We contacted a bunch of people and have heard back from a GOP representative in the VA house of delegates who offered to take the case for free as well as a law professor who offered the same. The Delegat (I'd rather not name him right now) sent a couple letters to the aforementioned VP Sam Sadler who had the quote about not tolerating policies that "discriminate". Sadler responded to the delegate and here's the basic summary of it-

-We lied in our account on several details.
1- We didn't mention that when the table was reserved it said the purpose was "bake sale".

Wow what a key issue, huh? I guess we should have written an essay about what we were doing and why we were doing it.

2- We lied in saying that the sale was "shut down" by administration.

We actually explained to the delegate that the prices were ordered to be changed because they were discriminatory. Of course changing the prices eliminates the entire point of the sale- to prove how affirmative action is discriminatory.

No action will be taken against those involved

I'm guessing they're going to try to intimidate us into not doing it again.

The college supports free speech but not when it discriminate

and not when we criticize your policies, huh?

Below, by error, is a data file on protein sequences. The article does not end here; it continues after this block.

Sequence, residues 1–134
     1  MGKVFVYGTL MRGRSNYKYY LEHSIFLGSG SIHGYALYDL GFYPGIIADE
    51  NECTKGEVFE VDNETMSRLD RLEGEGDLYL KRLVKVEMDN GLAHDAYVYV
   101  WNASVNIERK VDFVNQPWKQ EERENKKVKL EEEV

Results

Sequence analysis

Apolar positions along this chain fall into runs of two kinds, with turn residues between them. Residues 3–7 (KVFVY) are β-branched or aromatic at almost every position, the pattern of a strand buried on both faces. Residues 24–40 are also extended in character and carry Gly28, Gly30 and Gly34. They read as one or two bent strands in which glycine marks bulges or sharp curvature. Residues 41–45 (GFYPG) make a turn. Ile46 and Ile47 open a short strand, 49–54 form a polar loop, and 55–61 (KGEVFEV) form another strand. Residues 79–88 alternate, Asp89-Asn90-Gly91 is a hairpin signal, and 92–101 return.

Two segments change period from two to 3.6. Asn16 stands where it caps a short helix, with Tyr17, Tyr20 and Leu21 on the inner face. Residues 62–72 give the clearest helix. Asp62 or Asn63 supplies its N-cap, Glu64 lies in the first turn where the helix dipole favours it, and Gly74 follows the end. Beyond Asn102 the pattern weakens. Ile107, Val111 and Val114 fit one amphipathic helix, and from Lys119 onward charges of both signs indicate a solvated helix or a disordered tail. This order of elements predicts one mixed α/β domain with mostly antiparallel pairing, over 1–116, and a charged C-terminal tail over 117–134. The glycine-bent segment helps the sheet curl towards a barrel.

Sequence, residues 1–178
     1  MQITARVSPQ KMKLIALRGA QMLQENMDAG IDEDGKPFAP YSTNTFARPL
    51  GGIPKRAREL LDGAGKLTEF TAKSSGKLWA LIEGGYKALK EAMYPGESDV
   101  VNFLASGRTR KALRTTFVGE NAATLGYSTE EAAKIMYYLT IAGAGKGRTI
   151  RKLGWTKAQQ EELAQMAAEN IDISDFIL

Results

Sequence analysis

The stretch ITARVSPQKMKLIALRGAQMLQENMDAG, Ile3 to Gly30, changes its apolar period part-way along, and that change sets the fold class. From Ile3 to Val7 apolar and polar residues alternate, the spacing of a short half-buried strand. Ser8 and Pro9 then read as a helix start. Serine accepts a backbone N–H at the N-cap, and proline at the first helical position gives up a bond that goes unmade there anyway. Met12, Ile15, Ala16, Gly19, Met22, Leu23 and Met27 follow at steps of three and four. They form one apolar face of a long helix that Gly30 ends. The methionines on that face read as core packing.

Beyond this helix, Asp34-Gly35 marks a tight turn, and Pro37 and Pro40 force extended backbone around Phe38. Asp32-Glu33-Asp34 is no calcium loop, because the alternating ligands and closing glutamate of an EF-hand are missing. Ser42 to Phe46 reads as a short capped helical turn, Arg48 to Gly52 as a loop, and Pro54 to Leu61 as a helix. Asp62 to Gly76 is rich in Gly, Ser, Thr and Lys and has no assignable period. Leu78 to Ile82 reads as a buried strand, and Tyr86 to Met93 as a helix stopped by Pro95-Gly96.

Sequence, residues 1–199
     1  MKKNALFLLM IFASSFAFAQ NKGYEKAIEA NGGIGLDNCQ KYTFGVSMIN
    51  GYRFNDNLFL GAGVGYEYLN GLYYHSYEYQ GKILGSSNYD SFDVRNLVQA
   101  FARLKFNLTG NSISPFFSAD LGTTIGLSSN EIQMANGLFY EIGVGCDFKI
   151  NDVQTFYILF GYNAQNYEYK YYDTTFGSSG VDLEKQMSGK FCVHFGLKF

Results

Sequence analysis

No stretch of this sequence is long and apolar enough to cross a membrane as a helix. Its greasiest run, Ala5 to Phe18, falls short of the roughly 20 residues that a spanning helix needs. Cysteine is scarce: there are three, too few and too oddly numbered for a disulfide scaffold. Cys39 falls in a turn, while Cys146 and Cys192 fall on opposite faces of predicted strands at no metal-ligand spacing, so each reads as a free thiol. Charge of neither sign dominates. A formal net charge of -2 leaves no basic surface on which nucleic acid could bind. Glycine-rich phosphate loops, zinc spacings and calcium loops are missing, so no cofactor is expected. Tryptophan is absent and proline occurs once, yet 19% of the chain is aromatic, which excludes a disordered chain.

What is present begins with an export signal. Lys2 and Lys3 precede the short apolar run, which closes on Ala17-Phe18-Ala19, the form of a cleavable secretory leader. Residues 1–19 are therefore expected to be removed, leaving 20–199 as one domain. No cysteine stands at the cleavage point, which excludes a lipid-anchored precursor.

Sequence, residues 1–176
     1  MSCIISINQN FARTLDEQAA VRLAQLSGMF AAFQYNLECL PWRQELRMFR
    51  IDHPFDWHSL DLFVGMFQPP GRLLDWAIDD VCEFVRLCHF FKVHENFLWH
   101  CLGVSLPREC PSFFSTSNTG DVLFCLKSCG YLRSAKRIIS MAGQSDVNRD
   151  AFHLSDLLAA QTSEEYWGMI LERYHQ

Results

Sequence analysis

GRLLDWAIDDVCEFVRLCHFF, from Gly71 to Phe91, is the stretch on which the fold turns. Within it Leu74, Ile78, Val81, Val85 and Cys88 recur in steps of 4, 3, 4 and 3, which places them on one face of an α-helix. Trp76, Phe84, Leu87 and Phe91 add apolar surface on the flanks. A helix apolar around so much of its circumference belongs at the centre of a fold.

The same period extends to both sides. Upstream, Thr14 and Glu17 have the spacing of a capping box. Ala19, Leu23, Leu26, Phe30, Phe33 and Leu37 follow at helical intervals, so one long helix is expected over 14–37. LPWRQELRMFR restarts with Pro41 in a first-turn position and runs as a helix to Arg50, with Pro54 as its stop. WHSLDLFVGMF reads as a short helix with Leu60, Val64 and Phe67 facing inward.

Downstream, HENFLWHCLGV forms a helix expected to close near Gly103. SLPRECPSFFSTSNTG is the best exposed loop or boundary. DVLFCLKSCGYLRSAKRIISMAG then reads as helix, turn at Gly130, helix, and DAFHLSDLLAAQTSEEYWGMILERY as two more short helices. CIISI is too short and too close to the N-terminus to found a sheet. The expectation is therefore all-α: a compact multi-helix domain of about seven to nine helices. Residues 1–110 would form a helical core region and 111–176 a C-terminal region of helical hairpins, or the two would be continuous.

We're already planning to do it again and this time we'll refuse to change our prices even if it means getting arrested, if that's what it takes to establish this as protected speech.

Now does anyone have tips on getting publicity, because we're going to want lots of it when we go ahead with this?
25 posted on 11/19/2003 6:28:27 PM PST by maluka23
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To: maluka23
I read about your bake sale, and I have a suggestion.

Actually sell the items for the same price. Have your sign up, at lists the descrimatory pricing to make your point, and then at the bottom in fine print, have something to the effect of that you believe in true equality and set the price as the same for everyone.

I think you still make the point, but reduce the options of those that wish to shut you down.

It's a thought anyway. Love the bake sales. Good luck with them!

Bill
26 posted on 12/18/2003 2:55:49 PM PST by Bill2003
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To: Bill2003
Here was a letter sent for the Foundation for Individual Rights in Education. President Timothy SUllivan's respone was particualry troubling.